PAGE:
I’m a National Football League junkie. I buy the NFL Ticket every year with the SuperFan plan, religiously watch Monday Night, Thursday Night, and Sunday Night Football, and participate in fantasy football leagues. On Sundays during football season, I wake up, sit on my couch, and watch football from 1:00 p.m. until midnight.
One of the reasons I was initially attracted to gaming was because of football games, starting with Intellivision’s NFL Football (which let you run off one side of the screen and come back on the other side), Accolade’s Fourth & Inches, Tecmo Bowl, and finally, the now-dominant Madden NFL.
For years, Madden NFL was everything that we NFL fans wanted in a football game. But when Electronic Arts announced that it would not support Sega’s Dreamcast system, developer Visual Concepts introduced a new take on the NFL with the 2K series. NFL 2k was a hit with NFL fans, as many felt that the Madden series had become stale and that EA was simply issuing roster updates every year. When Sega chose to discontinue the Dreamcast, Visual Concepts went multi-platform with the 2K series and was the first major challenger to Madden‘s dominance.
After adding the ESPN brand to the franchise, ESPN NFL 2K5 was released in 2004 for only $19.99. For the first time, a football game without the Madden surname captured a competitive percentage of the football gaming landscape. To many NFL purists, myself included, the game had reached a new pinnacle of play. ESPN NFL 2K5 introduced much more realistic blocking physics than Madden, more realistic running and catching animations, and AI that was superior to Madden‘s. The incredible presentation of the gameplay approached broadcast quality. Sure, it wasn’t a perfect game, but ESPN NFL2K5 delivered a next-generation football experience prior to the next-generation actually starting (comparison videos of 2K5 vs. the latest Madden installment are prevalent on YouTube.) Apparently worried that its most successful franchise might be forced to share the marketplace, EA Sports bought exclusivity rights from the NFL for five years (recently extended until 2012) and that was pretty much the end of the 2K football series.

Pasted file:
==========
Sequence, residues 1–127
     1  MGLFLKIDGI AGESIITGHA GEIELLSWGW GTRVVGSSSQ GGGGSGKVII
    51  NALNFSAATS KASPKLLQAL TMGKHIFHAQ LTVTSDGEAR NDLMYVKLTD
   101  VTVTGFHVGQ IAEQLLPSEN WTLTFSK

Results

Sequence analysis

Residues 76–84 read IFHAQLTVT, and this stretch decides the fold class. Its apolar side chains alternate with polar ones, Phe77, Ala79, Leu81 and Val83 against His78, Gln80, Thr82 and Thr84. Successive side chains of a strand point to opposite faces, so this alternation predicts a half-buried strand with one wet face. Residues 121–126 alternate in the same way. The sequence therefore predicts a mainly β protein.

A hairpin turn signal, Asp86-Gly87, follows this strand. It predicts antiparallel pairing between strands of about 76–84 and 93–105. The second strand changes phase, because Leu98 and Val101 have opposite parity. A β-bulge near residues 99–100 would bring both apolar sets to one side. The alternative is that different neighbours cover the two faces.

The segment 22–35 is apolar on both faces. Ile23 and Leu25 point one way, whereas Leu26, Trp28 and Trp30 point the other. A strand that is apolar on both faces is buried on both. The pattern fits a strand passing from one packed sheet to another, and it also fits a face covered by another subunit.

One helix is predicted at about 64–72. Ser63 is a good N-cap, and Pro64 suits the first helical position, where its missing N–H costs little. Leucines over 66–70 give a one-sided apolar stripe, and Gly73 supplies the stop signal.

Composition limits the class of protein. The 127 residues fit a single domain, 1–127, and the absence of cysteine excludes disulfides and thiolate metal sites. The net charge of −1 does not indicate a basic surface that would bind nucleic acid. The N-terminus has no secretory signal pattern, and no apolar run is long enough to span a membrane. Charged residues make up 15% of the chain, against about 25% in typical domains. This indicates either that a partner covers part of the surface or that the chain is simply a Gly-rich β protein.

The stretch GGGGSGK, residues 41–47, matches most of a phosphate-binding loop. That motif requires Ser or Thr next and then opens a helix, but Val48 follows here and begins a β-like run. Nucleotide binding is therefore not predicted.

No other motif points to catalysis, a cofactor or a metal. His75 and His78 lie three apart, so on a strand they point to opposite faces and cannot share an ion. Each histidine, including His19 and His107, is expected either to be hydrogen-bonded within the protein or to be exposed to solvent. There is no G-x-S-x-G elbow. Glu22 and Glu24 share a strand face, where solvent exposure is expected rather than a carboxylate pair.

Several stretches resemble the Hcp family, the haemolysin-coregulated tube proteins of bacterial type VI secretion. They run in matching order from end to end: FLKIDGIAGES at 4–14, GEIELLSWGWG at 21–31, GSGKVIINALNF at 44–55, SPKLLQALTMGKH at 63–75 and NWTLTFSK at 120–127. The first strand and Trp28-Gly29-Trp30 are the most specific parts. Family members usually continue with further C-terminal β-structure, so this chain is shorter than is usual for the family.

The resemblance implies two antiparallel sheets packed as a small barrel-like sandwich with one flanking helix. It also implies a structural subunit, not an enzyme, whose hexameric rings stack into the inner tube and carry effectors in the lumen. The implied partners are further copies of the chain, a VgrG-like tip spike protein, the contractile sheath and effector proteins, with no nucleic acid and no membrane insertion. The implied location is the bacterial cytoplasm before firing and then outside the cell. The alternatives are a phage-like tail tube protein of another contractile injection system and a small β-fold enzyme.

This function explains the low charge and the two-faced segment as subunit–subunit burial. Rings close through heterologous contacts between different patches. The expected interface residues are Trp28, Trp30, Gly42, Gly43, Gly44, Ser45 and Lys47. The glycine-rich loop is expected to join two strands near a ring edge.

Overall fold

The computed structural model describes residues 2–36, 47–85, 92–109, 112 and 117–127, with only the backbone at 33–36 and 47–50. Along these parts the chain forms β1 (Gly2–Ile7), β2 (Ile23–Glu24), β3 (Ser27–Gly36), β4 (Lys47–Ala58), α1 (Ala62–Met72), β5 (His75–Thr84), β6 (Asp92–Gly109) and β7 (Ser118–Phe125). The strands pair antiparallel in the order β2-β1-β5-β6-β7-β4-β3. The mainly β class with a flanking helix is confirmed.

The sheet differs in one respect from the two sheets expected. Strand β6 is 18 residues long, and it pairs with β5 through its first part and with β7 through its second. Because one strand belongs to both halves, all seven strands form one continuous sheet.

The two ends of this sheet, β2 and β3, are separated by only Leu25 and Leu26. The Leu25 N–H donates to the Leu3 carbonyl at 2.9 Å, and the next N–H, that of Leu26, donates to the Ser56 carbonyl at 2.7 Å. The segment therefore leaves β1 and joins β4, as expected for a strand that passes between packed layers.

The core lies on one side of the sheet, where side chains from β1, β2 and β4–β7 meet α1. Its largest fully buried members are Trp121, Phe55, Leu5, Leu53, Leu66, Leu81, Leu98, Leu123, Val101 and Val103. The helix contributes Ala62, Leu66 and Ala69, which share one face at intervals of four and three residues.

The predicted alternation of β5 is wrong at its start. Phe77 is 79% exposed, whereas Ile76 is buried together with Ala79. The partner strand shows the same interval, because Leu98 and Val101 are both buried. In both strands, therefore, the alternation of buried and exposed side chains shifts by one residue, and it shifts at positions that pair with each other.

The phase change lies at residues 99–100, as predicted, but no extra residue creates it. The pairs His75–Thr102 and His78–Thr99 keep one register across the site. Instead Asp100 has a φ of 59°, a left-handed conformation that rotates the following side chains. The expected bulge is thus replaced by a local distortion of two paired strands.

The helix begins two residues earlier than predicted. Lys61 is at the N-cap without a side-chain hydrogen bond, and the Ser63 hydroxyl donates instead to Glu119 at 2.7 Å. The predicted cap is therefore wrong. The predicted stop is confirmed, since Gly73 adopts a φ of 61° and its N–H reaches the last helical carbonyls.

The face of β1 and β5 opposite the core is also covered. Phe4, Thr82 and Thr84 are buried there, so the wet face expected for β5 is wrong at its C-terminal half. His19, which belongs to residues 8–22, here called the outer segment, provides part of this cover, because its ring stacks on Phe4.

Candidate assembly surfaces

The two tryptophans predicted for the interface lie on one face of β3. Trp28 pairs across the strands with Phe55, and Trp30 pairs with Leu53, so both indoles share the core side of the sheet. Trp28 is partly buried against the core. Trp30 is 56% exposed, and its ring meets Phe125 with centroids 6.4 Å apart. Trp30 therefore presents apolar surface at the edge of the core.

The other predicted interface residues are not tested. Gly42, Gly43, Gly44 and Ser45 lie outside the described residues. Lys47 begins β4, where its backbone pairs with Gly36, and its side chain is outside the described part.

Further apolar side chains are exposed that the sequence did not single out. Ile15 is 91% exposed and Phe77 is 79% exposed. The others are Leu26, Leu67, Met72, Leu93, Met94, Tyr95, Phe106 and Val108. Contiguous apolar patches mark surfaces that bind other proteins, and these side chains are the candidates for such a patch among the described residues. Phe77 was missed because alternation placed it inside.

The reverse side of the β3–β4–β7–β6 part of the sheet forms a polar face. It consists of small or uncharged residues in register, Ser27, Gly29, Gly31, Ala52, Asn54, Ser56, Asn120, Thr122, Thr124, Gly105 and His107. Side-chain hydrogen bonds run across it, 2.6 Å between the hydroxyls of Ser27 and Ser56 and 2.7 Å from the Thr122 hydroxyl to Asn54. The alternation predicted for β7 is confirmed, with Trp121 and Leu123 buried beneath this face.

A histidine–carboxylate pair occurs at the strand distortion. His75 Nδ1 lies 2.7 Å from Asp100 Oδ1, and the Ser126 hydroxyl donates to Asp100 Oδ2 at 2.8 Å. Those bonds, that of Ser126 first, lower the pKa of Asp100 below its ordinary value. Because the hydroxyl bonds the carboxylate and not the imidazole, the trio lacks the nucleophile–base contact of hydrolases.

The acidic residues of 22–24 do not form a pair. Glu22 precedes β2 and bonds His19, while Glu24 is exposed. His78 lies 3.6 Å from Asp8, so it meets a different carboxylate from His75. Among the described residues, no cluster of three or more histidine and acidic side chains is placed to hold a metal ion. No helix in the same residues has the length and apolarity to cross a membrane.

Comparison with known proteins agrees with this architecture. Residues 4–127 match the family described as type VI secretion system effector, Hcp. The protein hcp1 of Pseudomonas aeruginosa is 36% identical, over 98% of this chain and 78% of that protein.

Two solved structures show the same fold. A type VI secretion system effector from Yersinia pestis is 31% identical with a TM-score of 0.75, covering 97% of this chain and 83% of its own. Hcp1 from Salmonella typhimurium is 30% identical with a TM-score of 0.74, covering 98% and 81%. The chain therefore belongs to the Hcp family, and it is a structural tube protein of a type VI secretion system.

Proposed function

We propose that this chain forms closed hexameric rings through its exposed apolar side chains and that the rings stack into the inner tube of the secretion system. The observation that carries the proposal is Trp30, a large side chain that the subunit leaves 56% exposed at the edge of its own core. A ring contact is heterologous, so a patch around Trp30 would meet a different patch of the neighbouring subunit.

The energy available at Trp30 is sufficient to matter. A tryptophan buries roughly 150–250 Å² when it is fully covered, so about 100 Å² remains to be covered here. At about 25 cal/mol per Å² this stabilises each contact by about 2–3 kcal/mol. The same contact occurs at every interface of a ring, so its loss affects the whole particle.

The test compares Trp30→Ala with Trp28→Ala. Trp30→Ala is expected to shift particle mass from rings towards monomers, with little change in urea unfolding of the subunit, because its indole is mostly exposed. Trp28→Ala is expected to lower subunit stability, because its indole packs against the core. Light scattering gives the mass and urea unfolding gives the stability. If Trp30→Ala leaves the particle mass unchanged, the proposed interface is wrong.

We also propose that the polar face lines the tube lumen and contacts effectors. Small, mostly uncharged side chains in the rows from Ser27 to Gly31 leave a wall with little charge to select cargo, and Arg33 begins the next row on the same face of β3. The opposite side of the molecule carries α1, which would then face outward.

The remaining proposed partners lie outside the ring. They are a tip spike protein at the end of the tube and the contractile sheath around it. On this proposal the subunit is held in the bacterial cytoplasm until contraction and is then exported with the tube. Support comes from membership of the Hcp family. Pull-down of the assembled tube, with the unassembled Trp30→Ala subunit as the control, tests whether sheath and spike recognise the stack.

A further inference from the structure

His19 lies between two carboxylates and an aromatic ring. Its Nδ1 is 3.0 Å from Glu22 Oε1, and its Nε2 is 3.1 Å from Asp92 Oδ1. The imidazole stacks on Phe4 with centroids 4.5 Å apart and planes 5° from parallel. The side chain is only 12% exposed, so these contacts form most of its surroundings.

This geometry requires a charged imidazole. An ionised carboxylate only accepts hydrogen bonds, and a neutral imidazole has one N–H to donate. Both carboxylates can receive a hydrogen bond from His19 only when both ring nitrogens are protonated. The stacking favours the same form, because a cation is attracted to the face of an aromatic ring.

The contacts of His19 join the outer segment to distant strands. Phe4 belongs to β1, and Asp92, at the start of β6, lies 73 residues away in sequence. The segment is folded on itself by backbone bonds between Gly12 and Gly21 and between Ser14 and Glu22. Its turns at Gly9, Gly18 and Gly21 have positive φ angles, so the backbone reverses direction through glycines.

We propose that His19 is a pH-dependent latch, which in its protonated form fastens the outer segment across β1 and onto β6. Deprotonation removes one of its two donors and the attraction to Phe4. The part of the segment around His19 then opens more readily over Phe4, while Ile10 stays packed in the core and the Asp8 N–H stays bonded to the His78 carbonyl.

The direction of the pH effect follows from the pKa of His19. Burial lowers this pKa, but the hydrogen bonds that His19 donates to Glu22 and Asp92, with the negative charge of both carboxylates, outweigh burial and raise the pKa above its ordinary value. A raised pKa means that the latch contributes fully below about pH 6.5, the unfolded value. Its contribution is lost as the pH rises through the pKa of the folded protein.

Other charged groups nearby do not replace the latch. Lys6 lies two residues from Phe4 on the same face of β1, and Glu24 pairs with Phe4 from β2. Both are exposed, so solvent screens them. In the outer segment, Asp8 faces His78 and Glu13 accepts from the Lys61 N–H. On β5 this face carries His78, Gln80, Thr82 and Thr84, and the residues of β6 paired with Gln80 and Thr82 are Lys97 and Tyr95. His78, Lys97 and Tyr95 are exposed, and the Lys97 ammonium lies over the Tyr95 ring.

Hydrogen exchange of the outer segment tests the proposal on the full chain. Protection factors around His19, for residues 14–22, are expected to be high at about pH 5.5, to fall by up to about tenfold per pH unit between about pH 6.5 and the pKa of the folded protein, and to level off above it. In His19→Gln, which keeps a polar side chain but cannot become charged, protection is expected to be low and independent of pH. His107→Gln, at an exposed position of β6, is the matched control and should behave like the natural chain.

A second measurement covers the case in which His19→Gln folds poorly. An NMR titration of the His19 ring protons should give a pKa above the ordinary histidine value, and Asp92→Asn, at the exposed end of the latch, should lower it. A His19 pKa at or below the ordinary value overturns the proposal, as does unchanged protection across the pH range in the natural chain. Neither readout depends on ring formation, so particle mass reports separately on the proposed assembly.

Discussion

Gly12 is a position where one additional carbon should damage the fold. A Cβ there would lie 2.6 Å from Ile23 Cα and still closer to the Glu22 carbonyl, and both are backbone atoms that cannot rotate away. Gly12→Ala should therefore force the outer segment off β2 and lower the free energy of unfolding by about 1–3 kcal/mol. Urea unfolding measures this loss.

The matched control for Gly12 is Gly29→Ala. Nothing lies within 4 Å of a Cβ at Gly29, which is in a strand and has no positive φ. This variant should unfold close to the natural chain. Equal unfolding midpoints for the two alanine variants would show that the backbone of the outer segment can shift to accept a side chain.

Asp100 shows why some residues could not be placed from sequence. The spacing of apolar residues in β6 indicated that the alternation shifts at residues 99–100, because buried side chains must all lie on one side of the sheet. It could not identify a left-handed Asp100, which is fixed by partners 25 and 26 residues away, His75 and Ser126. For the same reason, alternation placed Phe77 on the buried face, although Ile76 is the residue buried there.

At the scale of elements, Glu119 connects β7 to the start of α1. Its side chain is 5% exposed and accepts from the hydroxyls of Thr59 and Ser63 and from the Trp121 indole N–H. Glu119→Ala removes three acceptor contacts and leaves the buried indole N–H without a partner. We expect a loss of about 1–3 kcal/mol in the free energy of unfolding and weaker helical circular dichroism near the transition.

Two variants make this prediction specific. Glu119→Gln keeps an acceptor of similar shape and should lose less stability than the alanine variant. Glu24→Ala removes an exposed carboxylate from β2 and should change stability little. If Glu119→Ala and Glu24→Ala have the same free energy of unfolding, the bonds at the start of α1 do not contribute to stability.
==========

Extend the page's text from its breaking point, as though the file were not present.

Since that time, Madden has been the only game in town. A few companies have attempted to break into the potentially lucrative football game market, but have met with little success. Midway Games released the ultra-violent, WWE meets football game, Blitz: The League, which was a mild hit, but the sequel’s cold reception likely killed the series. A similar fate met Visual Concepts when it tried to give it a go with a sequel of sorts, All Pro Football 2K8. While the game featured the popular run-blocking AI from the 2K football series, the lack of NFL players and franchise mode hurt sales. The title sold poorly and the series was discontinued.
Because of no viable alternatives to Madden NFL, many former football video game junkies have been left without an option for a number of years. Natural Motion and 505 Games are about to change that with the release of their new football title, Backbreaker, this year. If you haven’t heard of Oxford-based (as in United Kingdom) Natural Motion, you’ll probably recognize them from their previous work on Star Wars: The Force Unleashed and Grand Theft Auto IV. The realistic ragdoll physics that you observed in those titles were the result of Natural Motion’s “Euphoria” engine.